Biomes are used to cover a specific region of a terrain style and type (including filters, materials and objects). So the question is: How is such a region set up?

The answer is Biome Layers. World Creator allows you to create a list of biome layers that are associated with a particular biome. A biome layer is usually drawn by hand using World Creator's paint tools.

Each new World Creator project starts with an initial default biome that has no filters, materials or objects applied to it. There is also no biome layer explicitly set for this biome, which means that World Creator assumes that biomes are globally set for the entire terrain.

But when building more complex terrains and worlds, a single biome is often not enough. Think of mountains and grasslands covering a larger area, or dunes and larger rocks in combination, or even an oasis in a desert. World Creator offers a number of ways to achieve this, but the most effective way is to use biome layers. Here is how they work.

First, create a new project and add a new biome. For simplicity's sake, we will not add any filters, just single-coloured materials so that you can see the boundaries of each biome. Set the color to different values for each of the two biomes. As you can see, the top biome in the biomes list overwrites the one below it, as shown in the image below.

Next, create two Biome Layers by pressing the Plus icon twice, next to the Biome Layers element. Alternatively, you may also press the Create Biome Layer icon next to the Biome name (right to it):

You may check the image below to see the changes.

Biome layers are nothing more than masks. World Creator lets you translate, scale and rotate a mask. To scale, click and drag one of the four corners (small spheres). To translate (move) a mask, simply click inside the mask area and drag in the viewport. To rotate a mask, click and drag outside the mask.

Let's take a closer look at the biome layer settings, which look like this:

The very first element is the Biome selection element. Here you can choose which biome you want to bind the selected biome layer to.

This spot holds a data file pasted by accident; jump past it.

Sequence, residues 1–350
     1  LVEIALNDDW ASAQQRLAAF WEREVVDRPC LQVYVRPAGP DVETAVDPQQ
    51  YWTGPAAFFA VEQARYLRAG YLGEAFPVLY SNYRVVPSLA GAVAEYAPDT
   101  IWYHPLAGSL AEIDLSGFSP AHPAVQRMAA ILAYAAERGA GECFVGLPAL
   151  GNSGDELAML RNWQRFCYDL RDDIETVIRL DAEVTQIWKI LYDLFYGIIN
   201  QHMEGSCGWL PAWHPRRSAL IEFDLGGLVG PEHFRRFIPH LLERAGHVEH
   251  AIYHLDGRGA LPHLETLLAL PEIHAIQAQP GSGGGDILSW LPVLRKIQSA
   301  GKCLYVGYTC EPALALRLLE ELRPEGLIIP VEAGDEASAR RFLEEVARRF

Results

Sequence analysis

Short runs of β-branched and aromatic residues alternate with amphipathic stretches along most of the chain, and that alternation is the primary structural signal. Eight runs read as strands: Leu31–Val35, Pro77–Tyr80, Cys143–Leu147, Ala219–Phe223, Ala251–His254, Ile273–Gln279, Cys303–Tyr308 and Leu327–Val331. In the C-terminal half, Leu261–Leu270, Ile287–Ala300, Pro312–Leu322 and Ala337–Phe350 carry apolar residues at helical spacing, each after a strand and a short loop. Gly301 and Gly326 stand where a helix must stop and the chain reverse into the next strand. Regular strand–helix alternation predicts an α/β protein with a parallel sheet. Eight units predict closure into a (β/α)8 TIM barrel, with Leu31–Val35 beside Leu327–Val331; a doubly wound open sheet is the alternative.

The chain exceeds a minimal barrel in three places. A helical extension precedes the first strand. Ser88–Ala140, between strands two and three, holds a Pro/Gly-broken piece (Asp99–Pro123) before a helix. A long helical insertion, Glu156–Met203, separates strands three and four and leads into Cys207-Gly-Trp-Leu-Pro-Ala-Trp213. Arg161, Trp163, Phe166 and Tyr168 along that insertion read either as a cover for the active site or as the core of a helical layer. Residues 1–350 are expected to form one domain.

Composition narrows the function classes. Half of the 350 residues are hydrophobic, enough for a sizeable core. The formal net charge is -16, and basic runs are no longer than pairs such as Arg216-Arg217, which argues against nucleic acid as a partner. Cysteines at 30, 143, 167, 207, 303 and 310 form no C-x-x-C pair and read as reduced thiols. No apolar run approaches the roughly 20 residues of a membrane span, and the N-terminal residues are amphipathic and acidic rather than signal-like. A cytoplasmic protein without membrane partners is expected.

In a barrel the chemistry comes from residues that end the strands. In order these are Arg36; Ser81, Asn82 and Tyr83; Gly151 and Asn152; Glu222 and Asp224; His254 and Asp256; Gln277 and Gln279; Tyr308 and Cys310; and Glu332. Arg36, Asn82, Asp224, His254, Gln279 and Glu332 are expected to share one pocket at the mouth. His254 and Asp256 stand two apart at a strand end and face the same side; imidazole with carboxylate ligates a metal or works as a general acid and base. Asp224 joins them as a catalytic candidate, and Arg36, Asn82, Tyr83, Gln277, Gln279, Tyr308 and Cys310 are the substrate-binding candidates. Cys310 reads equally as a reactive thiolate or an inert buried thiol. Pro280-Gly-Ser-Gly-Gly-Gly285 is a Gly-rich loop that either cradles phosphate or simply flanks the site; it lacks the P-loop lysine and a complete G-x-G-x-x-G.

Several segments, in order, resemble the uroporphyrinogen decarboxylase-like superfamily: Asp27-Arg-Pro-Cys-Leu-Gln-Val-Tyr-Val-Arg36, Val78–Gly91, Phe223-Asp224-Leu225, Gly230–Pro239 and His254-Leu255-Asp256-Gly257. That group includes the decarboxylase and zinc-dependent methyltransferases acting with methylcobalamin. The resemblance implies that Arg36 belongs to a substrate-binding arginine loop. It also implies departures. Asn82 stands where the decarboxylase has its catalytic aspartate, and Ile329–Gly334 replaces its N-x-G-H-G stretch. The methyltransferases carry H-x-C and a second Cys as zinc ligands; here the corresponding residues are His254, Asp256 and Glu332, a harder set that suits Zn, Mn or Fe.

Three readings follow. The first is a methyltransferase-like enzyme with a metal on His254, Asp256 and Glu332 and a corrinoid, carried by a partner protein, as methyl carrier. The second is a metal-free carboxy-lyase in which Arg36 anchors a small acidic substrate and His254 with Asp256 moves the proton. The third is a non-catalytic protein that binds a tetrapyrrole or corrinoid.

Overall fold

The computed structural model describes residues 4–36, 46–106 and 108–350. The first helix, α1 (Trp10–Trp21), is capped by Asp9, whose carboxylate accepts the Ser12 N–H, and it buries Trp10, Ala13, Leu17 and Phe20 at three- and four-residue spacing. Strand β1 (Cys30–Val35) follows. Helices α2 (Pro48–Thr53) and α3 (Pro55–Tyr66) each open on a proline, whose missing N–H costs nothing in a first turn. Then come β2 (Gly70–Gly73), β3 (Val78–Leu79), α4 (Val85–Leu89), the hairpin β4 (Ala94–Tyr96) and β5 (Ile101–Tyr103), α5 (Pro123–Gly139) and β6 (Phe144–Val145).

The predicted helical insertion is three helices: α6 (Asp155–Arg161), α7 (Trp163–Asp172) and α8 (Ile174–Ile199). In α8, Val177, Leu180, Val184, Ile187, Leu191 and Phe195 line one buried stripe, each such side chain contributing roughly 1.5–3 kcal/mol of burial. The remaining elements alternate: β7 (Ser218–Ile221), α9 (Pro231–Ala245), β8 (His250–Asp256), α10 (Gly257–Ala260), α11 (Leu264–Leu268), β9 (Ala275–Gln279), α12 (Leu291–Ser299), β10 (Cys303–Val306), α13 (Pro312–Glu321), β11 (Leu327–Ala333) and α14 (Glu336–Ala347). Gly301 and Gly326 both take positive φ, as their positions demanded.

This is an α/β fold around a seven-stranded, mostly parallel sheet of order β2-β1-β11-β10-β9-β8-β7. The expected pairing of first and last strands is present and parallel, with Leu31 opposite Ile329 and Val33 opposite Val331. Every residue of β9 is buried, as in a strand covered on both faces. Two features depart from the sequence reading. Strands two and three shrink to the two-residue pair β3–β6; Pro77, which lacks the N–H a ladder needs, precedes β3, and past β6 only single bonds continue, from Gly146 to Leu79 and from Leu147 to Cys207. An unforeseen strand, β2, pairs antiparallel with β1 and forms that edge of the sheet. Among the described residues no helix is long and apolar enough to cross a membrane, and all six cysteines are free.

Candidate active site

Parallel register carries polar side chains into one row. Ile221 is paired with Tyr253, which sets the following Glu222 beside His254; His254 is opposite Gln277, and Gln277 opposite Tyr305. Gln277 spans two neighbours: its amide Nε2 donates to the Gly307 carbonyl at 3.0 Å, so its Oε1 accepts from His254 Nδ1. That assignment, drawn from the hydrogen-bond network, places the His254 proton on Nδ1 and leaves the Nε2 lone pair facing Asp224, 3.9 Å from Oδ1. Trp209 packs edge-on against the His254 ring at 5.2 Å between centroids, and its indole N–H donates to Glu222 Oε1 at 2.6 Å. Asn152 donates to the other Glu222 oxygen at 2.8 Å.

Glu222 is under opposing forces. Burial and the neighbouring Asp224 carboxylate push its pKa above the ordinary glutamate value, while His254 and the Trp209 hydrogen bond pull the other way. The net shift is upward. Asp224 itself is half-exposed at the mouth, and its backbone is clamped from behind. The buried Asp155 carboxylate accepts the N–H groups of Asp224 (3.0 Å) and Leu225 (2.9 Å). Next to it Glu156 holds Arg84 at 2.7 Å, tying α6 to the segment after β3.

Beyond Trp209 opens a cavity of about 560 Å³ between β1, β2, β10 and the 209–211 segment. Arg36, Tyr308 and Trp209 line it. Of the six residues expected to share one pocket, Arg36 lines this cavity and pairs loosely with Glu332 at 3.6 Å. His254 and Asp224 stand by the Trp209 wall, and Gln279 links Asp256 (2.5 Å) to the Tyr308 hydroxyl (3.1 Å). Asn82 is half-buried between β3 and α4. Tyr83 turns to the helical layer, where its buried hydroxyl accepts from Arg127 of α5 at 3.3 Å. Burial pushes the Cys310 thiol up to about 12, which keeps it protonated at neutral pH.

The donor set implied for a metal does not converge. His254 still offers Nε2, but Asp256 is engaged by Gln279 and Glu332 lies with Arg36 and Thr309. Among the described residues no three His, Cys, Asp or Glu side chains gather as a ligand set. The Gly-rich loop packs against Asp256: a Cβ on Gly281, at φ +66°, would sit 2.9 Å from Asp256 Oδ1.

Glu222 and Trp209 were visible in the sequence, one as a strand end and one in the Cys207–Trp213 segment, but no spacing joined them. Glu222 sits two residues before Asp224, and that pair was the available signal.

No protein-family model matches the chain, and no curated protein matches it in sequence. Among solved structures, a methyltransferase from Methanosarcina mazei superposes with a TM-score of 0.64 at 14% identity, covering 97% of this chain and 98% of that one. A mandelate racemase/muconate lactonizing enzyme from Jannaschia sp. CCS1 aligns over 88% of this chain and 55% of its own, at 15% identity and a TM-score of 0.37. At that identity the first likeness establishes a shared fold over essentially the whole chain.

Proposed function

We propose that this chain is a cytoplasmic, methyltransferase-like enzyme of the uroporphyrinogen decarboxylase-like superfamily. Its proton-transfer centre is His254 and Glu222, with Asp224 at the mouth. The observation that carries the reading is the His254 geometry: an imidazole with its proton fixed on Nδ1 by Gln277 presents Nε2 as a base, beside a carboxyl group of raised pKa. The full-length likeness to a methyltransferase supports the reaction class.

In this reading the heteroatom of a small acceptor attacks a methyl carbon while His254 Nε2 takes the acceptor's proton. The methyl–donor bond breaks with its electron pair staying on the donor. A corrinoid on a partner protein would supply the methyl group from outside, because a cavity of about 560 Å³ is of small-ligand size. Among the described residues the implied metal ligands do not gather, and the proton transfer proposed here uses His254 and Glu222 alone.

Show Mask lets you toggle the mask visualization, and Mask Visibility lets you adjust the overall visibility. These two are helpful as sometimes the default mask color can be a little distracting.

Next are the area settings. An area defines the boundaries of the terrain and internally covers the biome layer mask, which has a fixed resolution for performance reasons. However, an area can have any size and dimension, which means that the larger the area, the more stretched the mask becomes (more pixelation for larger areas). However, if you are creating large terrains, you can add more and more biome layers assigned to the same biome, giving you the freedom to create high-resolution masks.

The more important area settings are Blend Size and Blend Roundness, which are used to perform blending operations on the underlying biome layers and colours.

The Fit to Terrain button allows you to fit the area size precisely to the terrain size - useful in some cases.

Now you need to assign the biomes to the correct biome layers. You can do this by selecting the mask and selecting the biome by name from the Biome drop-down box. If you then move the top biome layer mask a little to the right of the terrain and deselect it (click somewhere else in the hierarchy), you should see the two biomes as shown below.

Each biome layer is actually just a mask that can be edited directly in World Creator. Editing means that you can draw and paint on it just like in other drawing tools. To do this, select the biome layer you want to edit and click the EDIT button. While in edit mode, you can access all paint operations and brushes by right-clicking in the viewport.

That way you can edit biome layers and mask out or mask in those areas on the terrain you would like the assigned biome to appear or disappear.

 Next: Understanding World Creator's Level Step System